What can I do for you?After the massive success of Popeye the Sailor Meets Sindbad the Sailor in 1936 and Popeye the Sailor Meets Ali Baba's Forty Thieves in 1937, Fleischer Studios spent the next couple years or so creating the piece de resistance of the Popeye Arabian Nights Trilogy with Popeye the Sailor in: Aladdin and His Wonderful Lamp.Olive Oyle finds herself tasked with writing a script for a new Hollywood blockbuster, and decides she wants to write an epic love story, casting herself as a beautiful princess, and Popeye as the male lead. In ancient Arabia, an evil wizard lusts for power as well as the hand of the ruler of the kingdom, Princess Jasmine. To this end, he seeks the fabled Genie of the Lamp, hidden in the Cave of Treasures which can only be reached by a single person — the smith Aladdin. Enlisting his help by telling him it's a request from the princess herself, he leads Aladdin to a cave outside of the city, then feigns exhaustion to get Aladdin to risk his life alone. Aladdin finds the lamp hidden behind a wall, and takes it to the wizard, who promptly betrays him and seals him in the cave, but ends up losing the lamp which falls into the cave with Aladdin. When Aladdin awakes, he's trapped in the cave, but accidently stumbles across the power of the lamp, releasing the Genie. Aladdin uses his first wish to get out of the cave, and the second to become a wealthy prince so he can romance the princess. The two immediatly hit it off, but the wizard gets his hands on the lamp, and uses his wishes to move the princess castle to a mountain, and hold her prisoner. Aladdin chases after them, fighting his way through the guards and dragon the wizard summons with the lamp, then goes toe to toe with the villain himself, before finally breaking out the spinach and curbstomps him. After having the Genie put the castle back in its old spot, the story ends, and Olive Oyle discovers that her script was rejected by the studio.This cartoon, much like the other two Color Popeye Two-Reelers has since fallen into the Public Domain and can be found on a number of cheap DVDs and VHS.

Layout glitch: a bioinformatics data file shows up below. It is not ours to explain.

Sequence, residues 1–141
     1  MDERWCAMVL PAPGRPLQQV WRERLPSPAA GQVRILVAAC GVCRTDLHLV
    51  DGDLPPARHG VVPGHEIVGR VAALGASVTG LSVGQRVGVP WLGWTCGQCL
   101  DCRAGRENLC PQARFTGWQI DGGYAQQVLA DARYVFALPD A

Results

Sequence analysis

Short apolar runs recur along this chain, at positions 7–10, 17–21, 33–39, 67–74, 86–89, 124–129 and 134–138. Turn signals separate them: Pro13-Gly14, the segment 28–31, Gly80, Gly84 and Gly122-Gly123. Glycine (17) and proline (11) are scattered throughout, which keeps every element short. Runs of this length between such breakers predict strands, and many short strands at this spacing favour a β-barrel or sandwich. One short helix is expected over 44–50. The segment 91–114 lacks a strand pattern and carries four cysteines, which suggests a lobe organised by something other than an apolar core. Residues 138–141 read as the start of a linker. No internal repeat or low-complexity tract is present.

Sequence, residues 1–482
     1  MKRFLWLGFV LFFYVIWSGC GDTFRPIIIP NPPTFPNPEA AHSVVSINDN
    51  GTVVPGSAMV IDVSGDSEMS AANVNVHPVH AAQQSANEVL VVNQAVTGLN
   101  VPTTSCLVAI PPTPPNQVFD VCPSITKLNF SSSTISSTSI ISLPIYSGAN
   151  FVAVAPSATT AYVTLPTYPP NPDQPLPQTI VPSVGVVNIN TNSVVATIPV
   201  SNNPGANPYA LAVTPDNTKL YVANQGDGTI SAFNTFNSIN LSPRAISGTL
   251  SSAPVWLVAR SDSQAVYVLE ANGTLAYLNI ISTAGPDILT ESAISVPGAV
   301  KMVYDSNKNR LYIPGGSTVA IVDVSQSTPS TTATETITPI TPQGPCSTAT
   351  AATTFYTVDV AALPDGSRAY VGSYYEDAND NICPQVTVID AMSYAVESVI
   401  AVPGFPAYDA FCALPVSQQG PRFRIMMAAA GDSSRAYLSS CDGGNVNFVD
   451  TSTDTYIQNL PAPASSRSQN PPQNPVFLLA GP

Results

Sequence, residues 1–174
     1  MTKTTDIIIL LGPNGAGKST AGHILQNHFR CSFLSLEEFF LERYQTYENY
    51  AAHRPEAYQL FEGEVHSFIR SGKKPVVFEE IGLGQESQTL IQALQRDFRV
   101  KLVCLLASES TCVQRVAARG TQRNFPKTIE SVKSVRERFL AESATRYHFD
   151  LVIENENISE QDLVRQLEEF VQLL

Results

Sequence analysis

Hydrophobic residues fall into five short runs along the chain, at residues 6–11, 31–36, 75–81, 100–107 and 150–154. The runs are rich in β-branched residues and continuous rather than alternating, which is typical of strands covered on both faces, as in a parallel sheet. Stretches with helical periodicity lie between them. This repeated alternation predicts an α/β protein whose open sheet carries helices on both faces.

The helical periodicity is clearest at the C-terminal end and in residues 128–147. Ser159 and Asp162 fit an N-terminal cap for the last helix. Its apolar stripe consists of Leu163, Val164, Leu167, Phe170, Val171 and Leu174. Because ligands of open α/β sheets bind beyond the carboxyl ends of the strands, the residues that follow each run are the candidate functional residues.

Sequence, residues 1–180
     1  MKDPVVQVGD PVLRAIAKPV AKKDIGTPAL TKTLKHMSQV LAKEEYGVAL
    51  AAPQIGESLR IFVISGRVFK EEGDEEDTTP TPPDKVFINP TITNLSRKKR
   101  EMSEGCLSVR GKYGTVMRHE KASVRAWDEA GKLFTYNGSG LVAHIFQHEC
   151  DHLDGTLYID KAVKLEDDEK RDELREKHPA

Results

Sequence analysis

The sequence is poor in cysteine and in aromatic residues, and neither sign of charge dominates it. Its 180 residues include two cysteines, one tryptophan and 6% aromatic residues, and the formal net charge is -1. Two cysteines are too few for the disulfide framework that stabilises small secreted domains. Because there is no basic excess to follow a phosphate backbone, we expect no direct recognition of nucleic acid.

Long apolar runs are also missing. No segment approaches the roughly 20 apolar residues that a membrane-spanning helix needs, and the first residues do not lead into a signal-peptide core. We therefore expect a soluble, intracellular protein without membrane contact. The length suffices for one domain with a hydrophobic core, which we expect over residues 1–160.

I'd do most anything you asked me to.
I'd go and get that pot of gold from the rainbow,
and bring it where you are,
and then, i'd hitch, you wagon to a star.
What can I do for you?
Hey how'd ya like 'ta have yer dreams come true?
I'd like 'ta make ya happy through and through!
'Deed I do!
So what can I do for you?
— Aladdin (Popeye) (singing the cartoon's opening music)
This two-reel cartoon provides examples of: